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|Title:||Aspects of the development of the Gloucestershire woollen industry.|
|Presented at:||University of Leicester|
|Abstract:||This study of the Gloucestershire woollen industry is based almost entirely on field work and contemporary sources. The first problem was to establish the period at which the fulling mill was introduced into the county and to establish the part played by the church in the early development of the woollen industry. These early mills were widely seattered over the county and were more numerous than has generally been realisad. Many of these mills were situated on small STREAMS which had an insufficient supply of water to drive tham all the year. Some mills were in vallays where the gradient was slight and the head of water small. It cannot therefore be said that water power was of great importance in this early period. Neither does the distribution of early fulling mills bear any relation to the outcrops of Fullar's Earth. From the sixteenth century, a marked re-location of the woolen industry occurred. The advantages of water power on the Cotswold scarp slope were being realized and the number of the mills rapidly increased during the seventeenth and eighteenth centuries. Evidence has been collected to illustrate the domestic defficulties encountered by the clothiers in times of adverse trade conditions. Several aspects of the nineteenth centure woolen industry have been studied in detail, such as the adoption of machinery and the development of the factory system. The development of trade unions among the workers and a certain cohesion among the clothiers is a characteristic of the oighteenth and nineteenth centuries. The decline in the number of mills during the nineteenth century has been traced. This marked a process of concentration rather than decline. Real decline only set in after about 1875.|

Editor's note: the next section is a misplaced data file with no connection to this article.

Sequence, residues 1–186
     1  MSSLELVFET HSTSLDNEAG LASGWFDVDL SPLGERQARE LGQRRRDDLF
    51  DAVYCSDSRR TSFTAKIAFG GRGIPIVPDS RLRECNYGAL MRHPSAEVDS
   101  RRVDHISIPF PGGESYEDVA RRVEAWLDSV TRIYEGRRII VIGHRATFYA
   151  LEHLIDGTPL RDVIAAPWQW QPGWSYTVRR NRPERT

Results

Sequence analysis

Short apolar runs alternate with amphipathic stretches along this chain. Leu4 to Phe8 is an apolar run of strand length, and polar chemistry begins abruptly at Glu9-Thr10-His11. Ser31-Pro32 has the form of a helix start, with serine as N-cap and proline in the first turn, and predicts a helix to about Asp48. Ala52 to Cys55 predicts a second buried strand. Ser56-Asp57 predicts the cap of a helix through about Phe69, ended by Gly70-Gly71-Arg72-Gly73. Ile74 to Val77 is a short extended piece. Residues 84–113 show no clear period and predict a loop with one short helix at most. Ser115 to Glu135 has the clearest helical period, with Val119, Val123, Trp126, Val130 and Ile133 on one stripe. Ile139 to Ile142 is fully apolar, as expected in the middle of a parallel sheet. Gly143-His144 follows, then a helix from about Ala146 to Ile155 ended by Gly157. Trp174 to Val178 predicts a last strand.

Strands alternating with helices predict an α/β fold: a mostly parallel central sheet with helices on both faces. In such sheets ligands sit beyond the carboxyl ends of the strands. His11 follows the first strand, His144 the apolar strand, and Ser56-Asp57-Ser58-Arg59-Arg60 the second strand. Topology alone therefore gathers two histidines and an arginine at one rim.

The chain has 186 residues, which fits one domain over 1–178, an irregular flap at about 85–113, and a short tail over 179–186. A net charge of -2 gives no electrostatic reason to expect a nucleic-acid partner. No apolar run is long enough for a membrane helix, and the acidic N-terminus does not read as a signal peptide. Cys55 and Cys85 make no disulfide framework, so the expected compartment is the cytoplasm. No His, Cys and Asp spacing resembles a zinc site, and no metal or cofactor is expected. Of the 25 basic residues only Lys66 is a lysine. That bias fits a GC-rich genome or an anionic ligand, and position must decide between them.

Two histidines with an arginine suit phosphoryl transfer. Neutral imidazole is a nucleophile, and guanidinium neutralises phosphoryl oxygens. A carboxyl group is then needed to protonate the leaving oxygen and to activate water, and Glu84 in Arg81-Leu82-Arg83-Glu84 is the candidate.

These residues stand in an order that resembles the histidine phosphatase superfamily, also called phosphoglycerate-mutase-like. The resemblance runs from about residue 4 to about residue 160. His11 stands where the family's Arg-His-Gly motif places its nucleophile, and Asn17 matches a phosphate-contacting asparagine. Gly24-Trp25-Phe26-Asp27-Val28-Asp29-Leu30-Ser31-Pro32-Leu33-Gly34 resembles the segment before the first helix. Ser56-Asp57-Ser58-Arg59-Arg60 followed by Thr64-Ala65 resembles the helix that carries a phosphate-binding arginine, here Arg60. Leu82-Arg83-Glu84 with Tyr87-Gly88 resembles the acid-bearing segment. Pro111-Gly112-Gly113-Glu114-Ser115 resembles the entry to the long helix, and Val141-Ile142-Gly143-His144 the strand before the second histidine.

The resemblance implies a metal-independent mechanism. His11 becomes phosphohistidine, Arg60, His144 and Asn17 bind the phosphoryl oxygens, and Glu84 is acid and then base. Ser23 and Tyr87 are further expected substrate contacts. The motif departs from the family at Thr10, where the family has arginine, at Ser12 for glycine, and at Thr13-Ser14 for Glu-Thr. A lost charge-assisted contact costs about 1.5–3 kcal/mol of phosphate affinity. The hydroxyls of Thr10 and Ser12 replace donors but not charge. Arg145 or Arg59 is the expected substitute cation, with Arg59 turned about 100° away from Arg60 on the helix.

|Rights:||Copyright © the author. All rights reserved.|
|Appears in Collections:||Leicester Theses|
Theses, Dept. of Geography
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